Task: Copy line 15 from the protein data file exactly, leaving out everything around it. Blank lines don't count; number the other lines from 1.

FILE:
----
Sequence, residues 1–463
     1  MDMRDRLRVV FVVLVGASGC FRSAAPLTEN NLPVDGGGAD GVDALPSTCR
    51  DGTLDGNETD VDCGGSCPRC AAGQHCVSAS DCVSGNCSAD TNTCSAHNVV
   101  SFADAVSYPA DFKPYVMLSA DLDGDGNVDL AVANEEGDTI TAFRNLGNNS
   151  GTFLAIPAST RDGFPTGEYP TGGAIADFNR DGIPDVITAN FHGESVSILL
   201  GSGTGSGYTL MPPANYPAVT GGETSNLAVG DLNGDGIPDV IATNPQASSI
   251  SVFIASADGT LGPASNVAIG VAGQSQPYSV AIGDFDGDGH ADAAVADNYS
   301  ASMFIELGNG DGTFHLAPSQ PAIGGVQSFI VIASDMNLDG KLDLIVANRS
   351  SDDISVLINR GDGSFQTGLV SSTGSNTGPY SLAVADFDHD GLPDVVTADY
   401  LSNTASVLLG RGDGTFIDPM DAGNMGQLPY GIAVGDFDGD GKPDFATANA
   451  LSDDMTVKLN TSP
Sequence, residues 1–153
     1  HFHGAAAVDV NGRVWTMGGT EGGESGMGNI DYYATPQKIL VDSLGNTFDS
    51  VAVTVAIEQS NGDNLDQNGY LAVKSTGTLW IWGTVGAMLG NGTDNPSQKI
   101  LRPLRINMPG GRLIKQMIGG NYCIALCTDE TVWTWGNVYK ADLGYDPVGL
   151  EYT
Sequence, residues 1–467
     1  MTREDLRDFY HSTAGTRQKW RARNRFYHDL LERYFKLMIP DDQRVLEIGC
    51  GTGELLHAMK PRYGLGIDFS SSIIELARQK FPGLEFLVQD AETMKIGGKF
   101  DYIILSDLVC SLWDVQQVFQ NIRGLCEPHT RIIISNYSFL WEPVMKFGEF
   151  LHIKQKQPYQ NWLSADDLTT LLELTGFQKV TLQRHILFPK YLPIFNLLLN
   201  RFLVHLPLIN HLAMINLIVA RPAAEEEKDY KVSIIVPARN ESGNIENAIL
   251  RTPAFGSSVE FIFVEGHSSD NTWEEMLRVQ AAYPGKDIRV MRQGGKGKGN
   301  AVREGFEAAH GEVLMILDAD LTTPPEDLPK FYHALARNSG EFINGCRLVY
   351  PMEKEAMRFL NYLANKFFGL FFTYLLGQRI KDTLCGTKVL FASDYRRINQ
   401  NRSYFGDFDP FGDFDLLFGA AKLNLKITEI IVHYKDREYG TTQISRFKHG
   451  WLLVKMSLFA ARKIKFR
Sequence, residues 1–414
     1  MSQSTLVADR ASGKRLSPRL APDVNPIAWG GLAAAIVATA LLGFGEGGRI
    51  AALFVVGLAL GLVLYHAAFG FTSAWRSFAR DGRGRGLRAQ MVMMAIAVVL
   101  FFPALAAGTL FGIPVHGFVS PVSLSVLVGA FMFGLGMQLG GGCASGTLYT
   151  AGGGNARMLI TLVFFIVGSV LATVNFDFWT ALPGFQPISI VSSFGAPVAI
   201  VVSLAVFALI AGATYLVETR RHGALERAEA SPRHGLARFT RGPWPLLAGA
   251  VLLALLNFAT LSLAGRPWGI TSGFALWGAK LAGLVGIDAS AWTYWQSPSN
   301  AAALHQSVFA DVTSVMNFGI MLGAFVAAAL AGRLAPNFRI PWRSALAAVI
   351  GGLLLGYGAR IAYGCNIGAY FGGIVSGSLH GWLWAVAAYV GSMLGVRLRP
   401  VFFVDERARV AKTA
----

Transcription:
   101  LRPLRINMPG GRLIKQMIGG NYCIALCTDE TVWTWGNVYK ADLGYDPVGL